Coronary arteriography; prevention of complications in the high-risk patient
Although complications associated with coronary arteriography have decreased in most centers since 1970, they still occur in 1% to 2% of patients undergoing this invasive procedure. Major accidents include death (0.2%), nonfatal acute myocardial infarction (0.2%), arterial embolization to the central nervous system or peripheral arteries (0.1%), and arterial thrombosis or other types of local vascular injury (0.8% with the femoral approach and more than 1% with the brachial approach).
Systemic emboli and local vascular thrombosis or injury are technical complications related to the introduction of foreign material such as needles, guidewires, and catheters into the systemic circulation. They are also related, however, to factors such as vascular size, integrity, and vasoactivity as well as velocity of blood flow and coagulation factors. Thus, arterial thrombosis occurs frequently in younger persons and in women with or without clinical conditions leading to reduced cardiac output.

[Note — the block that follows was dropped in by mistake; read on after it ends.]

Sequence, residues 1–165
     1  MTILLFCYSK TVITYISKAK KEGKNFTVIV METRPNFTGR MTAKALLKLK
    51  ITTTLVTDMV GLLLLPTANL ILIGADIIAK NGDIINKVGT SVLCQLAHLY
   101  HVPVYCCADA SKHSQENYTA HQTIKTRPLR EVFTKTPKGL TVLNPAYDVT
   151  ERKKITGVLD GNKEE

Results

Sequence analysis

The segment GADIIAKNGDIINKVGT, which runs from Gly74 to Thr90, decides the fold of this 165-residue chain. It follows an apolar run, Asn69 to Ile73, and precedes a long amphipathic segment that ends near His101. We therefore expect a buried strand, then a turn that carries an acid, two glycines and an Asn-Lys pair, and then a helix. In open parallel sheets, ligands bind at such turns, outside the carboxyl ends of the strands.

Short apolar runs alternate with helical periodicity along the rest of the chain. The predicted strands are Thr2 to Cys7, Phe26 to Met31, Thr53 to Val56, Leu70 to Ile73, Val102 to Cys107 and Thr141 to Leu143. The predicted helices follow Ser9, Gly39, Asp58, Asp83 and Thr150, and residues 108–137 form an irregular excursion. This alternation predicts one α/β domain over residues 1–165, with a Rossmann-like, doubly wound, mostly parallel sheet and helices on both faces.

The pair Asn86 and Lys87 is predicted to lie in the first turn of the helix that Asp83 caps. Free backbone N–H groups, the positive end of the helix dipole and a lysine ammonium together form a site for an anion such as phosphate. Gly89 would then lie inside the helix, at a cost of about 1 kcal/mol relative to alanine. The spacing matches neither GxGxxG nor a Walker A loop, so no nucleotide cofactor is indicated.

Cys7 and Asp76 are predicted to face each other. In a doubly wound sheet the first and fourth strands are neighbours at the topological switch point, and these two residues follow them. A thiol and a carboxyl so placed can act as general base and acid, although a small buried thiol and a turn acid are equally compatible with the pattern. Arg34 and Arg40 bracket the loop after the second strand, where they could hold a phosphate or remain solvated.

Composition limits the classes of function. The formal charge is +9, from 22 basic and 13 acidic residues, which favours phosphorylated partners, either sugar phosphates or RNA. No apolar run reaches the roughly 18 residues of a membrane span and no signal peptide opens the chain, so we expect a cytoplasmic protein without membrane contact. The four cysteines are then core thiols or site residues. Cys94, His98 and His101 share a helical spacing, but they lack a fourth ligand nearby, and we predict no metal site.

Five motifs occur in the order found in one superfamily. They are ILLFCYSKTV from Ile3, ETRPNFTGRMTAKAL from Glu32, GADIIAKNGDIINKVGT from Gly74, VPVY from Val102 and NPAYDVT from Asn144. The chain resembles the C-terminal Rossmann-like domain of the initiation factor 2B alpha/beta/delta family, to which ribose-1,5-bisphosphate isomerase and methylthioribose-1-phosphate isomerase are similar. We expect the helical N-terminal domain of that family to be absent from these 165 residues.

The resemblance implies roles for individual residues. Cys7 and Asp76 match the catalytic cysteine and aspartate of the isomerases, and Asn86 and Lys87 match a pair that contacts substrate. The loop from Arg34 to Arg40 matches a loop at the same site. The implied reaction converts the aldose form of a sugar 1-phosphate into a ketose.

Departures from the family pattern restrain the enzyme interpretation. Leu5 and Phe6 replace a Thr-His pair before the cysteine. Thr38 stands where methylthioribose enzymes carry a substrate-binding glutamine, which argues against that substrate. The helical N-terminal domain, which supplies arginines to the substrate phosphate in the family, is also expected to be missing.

Death and nonfatal acute myocardial infarction are more closely related to the coronary anatomy and left ventricular function of the patient than to any other factor. These events are rare in individuals with normal coronary arteries who often represent 20% to 25% of the patient population undergoing coronary arteriography. Most patients have severe narrowing (70%) of two or three major coronary arteries usually associated with various degrees of left ventricular dysfunction. Significant left main coronary artery stenosis (50%), although variable, has been reported in 40% to 80% of patients who die or suffer an acute nonfatal myocardial infarction during or following coronary arteriography. Since left main coronary . . .